This study aimed to determine the status of immunity to hepatitis B in junior medical, nursing and obstetrics students with different prior HBV vaccination patterns.
3. Patients and Methods
In an analytical cross-sectional study in 2012, we checked anti-HBs status in junior medical, nursing, and obstetrics students, who had not yet started their in-hospital clinical education. All students were asked about receiving blood products, living with chronic HBV infected parents or siblings, immunosuppression or taking immunosuppressive medications, as well as their HBV vaccination status (time of receiving the initial dose, time of the last dose and more shots after primary vaccination), weight, height, and smoking status. We categorized the participants to six groups based on injection time from last shot (not-vaccinated (none), vaccinated at birth only (at birth), more than 10 years (˃ 10), five to 10 years (5 to 10), less than five years (˂ 5), and a group who couldn’t recall their history of vaccination (can’t recall)). The study received approval from the Qazvin University of Medical Science ethical board. The participants were enrolled after obtaining a written consent, and additional doses were offered to all participants who didn’t have anti-HBs of > 10 mIU/mL. Two hundred and seventy students were asked to complete the questionnaire and return it within four days. With a response rate of 83%, 255 out of 270 students returned the questionnaires. Blood samples were collected from all participants. Serum was separated and stored at -20°C. Next, anti-HBs was measured by anti-HBs enzyme-linked immunosorbent assay (ELISA) kit (Pishtaz Teb-HBs-Ab-96). Serum samples with different concentrations of anti-HBs antibody were repeatedly tested both for intra-assay (within one kit) and inter-assay (between kits). Intra-assay variability (coefficient of variation presented by percentages) was 3.9 to 10% and inter-assay variability was 3.7 to 9.1% (28). Participants were considered immune if they had an anti-HBs of > 10 mIU/mL. Descriptive and analytical tests were performed using the SPSS® software version 19 (SPSS Inc., Chicago, Ill, USA). Continuous variables were summarized as means (or geometric mean) ± standard deviation (SD) and categorical variables as frequencies and percentages, unless otherwise stated. The chi square or Fisher’s exact tests were used for nominal categorical variables. Analysis of variance (standard or nonparametric, as required) was used to test for the association between continuous outcomes and nominal categorical variables. Post hoc analysis (Bonferroni test) was used to determine the specific nature of significant analysis of variance (ANOVA) results. A binary logistic regression analysis was used to identify independent predictors of anti-HBs positive status (method = enter) among the students. A variable was entered into the model if the significance level of its F value was less than 0.05 and was removed if the significance level was greater than 0.1. A P value of < 0.05 was considered statistically significant.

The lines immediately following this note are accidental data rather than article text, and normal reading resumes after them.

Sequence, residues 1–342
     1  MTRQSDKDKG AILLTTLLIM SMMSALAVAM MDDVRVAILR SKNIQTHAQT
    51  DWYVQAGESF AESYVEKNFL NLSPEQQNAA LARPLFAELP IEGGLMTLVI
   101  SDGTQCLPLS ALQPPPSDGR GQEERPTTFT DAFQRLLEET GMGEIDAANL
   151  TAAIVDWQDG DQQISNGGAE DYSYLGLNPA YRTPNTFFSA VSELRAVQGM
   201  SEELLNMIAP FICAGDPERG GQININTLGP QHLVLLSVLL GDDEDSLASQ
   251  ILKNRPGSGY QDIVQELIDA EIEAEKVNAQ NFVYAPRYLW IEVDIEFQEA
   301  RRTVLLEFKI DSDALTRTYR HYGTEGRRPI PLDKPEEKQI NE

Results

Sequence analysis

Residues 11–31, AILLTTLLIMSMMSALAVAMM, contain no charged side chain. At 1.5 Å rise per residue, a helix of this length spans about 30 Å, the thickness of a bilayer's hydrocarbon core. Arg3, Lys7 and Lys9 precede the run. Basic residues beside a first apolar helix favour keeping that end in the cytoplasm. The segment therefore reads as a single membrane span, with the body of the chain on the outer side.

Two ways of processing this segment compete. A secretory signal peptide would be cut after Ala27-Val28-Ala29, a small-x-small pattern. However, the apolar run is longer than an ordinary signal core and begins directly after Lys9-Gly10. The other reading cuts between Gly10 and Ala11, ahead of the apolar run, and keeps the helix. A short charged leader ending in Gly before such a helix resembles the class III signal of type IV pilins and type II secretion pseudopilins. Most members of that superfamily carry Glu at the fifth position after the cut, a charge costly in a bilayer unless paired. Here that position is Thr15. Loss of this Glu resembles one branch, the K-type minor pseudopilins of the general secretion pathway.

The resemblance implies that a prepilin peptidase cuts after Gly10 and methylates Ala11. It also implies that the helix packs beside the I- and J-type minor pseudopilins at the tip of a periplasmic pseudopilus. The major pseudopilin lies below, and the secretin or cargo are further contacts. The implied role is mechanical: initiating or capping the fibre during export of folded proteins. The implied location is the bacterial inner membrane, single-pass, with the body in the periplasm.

A total of 255 participants including 96 medical, 82 nursing and 77 obstetrics students were enrolled. Only 6.3% of the participants had previous contact with a chronic HBV infected person. None had ever received blood products and had evidence of immunosuppression and no one was taking immunosuppressive medications at the time of study (Table 1). Vaccination coverage rate (defined as the percentage of students who had received three or more doses of HB vaccine) was 74.1%, while 94.5% had received at least one shot.
Distribution of Protective Immunity Status Among the Two Hundred and Fifty-Five Iranian Students
About 41% of students were immunized at birth and 34.1% (87) received primary series vaccination during the recent five years (Table 1). Almost all (except one) students who were immunized at birth, completed three doses, among them 3% received a booster dose after the primary series. In the other participants, 18 out of 151 (12.0%) received only one shot and 22 (14.6%) received two doses (26.5% were determined as having received incomplete vaccination) (Table 2).
Geometric Mean Level of Anti-HBs Titer of Students Based on Injection Time From Last Shot and Booster Dose (Forgetful Students Were Excluded)
Younger students (18 - 20 years) had significantly lower anti-HBs positivity rate than the older healthy adult group (≥ 21 year); 69/160 (43.1%) versus 58/94 (61.7%), P = 0.004 (Table 1). About half of the participants didn’t show serological evidence of protective immunity. Low or undetectable anti-HBs level were found in 82/119 (68.9%) of students who had their last shot more than 10 years ago (including at birth) and 35/115 (30.4%) with a vaccination history of five years or less (P value < 0.001) (Figure 1).
Comparison of Geometric Mean of Anti-HBs Titer According to Two Important Dependent Variables
Anti-HBs of lower than 10 mIU/mL was found in 67/104 (64.4%) of students who were immunized at birth. Also, geometric mean level of anti-HBs titer among students who received a primary series of vaccine at birth (mean = 0.83, SD = 1.01) was signiﬁcantly lower than students who had started vaccination at an older age (1.52 ± 1.14) (mean difference = -0.69, P < 0.001). Also, ANOVA for geometric mean of anti-HBs titer showed significant differences between the six groups based on injection time from last shot (P < 0.001) (post-hoc pairwise comparisons showed that the “geometric mean of anti-HBs titer” had increased at < 5 year group (P < 0.001) and the 5 to 10 year group (P < 0.001) compared to at birth, also it was different at < 5 year group compared with the 5 to 10 year group (P < 0.001). It shows that the “geometric mean of anti-HBs titer” persistently decreased after birth (Table 3).
Multiple Comparisons of Geometric Mean of Anti-HBs Titer (mIU/mL) With Bonferroni Test